Designed to assess the composite outcome of worsened HF or CV mortality, DAPA-HF enrolled 4700 participants and is expected to be completed in July of this year. It aims to determine the role of dapafliglozin as an adjunct to traditional goal directed medical therapy in those with HF with reduced LVEF (defined as LVEF ≤ 40%), regardless of diabetes mellitus status.8 This study will address important considerations for cardiologists and other clinicians alike, such as: 1) will previously described benefits of SGLT-2 inhibitor therapy extend to patients without diabetes mellitus; and 2) can SGLT-2 inhibitor therapy slow or reduce the progression of HF severity?

Similarly, the DELIVER study aims to recruit 4700 participants and is scheduled to be completed in June 2021. It aims to assess the effects of dapafliglozin as an adjunct to standard of care in patients with HF without reduced LVEF (defined as LVEF >40%) to determine the effects on worsened heart failure events or CV mortality.9 This study will elucidate what role, if any, SGLT-2 inhibitors have in patients with functional cardiovascular impairment who may or may not suffer from glucose intolerance or frank diabetes mellitus.

In summary, current data strongly supports considering dapagliflozin or alternate SGLT-2 inhibitors early in the management of diabetes mellitus in patients at cardiovascular risk broadly, and in particular those with HF with reduced LVEF or a prior history of MI. Research on the role of SGLT-2 inhibitors in patients with HF with or without diabetes mellitus is ongoing. While extensive heterogeneity exists among patients with HF and much remains unknown on which patients derive the most benefit from SGLT-2 inhibitor therapy, the data to date highlight major potential strides in CVD prevention in general and hold great promise for the treatment of patients at risk of heart failure and cardiovascular disease mortality.10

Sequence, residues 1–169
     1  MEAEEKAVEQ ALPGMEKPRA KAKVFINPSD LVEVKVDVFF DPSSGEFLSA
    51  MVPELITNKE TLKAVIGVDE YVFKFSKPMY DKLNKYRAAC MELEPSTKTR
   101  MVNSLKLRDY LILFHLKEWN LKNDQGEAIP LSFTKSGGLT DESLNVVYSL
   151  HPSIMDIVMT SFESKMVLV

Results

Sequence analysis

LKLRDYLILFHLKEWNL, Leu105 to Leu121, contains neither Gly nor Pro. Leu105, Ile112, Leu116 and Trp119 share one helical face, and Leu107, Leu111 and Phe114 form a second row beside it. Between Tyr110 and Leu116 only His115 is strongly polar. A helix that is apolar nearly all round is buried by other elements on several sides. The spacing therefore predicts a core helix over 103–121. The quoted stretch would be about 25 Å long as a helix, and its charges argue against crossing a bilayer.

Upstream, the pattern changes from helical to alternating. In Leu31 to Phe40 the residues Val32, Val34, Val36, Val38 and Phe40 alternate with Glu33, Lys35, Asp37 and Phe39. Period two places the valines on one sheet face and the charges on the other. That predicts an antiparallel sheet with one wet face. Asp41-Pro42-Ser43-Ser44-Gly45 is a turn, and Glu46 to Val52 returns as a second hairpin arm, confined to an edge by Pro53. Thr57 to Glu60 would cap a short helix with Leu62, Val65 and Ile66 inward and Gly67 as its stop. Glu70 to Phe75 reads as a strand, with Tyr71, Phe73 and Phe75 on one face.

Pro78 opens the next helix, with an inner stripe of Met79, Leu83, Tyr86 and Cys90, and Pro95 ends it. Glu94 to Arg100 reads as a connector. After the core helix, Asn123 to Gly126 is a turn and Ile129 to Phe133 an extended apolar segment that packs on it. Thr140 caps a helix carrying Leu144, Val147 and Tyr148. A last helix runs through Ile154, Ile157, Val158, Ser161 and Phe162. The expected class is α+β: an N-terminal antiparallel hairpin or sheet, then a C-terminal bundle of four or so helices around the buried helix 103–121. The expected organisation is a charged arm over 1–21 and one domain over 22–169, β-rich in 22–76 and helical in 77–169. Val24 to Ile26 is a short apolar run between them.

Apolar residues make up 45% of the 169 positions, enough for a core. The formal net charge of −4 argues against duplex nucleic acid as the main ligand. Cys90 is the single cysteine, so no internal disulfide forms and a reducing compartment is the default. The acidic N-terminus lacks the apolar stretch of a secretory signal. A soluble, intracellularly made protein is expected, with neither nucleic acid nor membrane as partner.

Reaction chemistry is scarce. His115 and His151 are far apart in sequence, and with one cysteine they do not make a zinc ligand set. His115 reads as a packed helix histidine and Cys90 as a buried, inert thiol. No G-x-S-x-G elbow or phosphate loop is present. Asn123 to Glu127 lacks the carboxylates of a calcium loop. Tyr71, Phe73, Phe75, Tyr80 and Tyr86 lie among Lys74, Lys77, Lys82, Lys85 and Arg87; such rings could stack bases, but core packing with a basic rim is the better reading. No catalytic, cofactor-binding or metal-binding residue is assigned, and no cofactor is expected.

The authors are deeply indebted to Drs. Blumenthal and Blaha for the critical review of this piece.


  1. US Department of Health and Human Services Centers for Disease Control and Prevention. Heart Disease Facts: United States, 2017. Accessed May 10, 2019.
  2. Campbell PT, Newton CC, Patel AV, Jacobs EJ, Gapstur SM. Diabetes and cause-specific mortality in a prospective cohort of one million U.S. adults. Diabetes Care 2012;35:1835-44.
  3. US Department of Health and Human Services Food and Drug Administration Center for Drug Evaluation and Research. Guidance for Industry on Diabetes Mellitus-Evaluating Cardiovascular RIsk in New Antidiabetic Therapies to Treat Type 2 Diabetes: United States, 2008. Accessed May 10, 2019.
  4. Ferraro RA, Nass CM, Dudum R, Blumenthal RS, Sarkar S. What clinicians need to know about the cardiovascular effects of the most recent classes of drugs used for type 2 diabetes. Am J Med 2019. [Epub ahead of print]
  5. Wiviott SD, Raz I, Bonaca MP, et al. Dapagliflozin and cardiovascular outcomes in type 2 diabetes. N Engl J Med 2019;380:347-57.
  6. Furtado RHM, Bonaca MP, Raz I, et al. Dapagliflozin and cardiovascular outcomes in patients with type 2 diabetes and prior myocardial infarction: a sub-analysis from DECLARE-TIMI-58 trial. Circulation 2019. [Epub ahead of print]
  7. Kato ET, Silverman MG, Mosenzon O, et al. Effect of dapagliflozin on heart failure and mortality in type 2 diabetes mellitus. Circulation 2019. [Epub ahead of print]
  8. McMurray JJV, DeMets DL, Inzucchi SE, et al. A trial to evaluate the effect of the sodium-glucose co-transporter 2 inhibitor dapagliflozin on morbidity and mortality in patients with heart failure and reduced left ventricular ejection fractino (DAPA-HF). Eur J Heart Fail 2019;21:665-75.
  9. ClinicalTrials.gov, Identifier: NCT03619213. Dapagliflozin Evaluation to Improve the LIVEs of Patients With PReserved Ejection Fraction Heart Failure. (DELIVER). Bethesda, MD: National Library of Medicine, 2019.
  10. Triposkiadis F, Butler J, Abboud FM. The continuous heart failure spectrum: moving beyond an ejection fraction classification. Eur Heart J 2019. [Epub ahead of print]

Clinical Topics: Diabetes and Cardiometabolic Disease, Heart Failure and Cardiomyopathies, Prevention, Acute Heart Failure

Keywords: Hypoglycemic Agents, Diabetes Mellitus, Type 2, Glucose Intolerance, Stroke Volume, Glucose, Secondary Prevention, Cardiovascular Diseases, Risk Factors, Glucosides, Benzhydryl Compounds, Glycosuria, Heart Failure, Myocardial Infarction, Primary Prevention, Diabetes Mellitus, Metabolic Syndrome X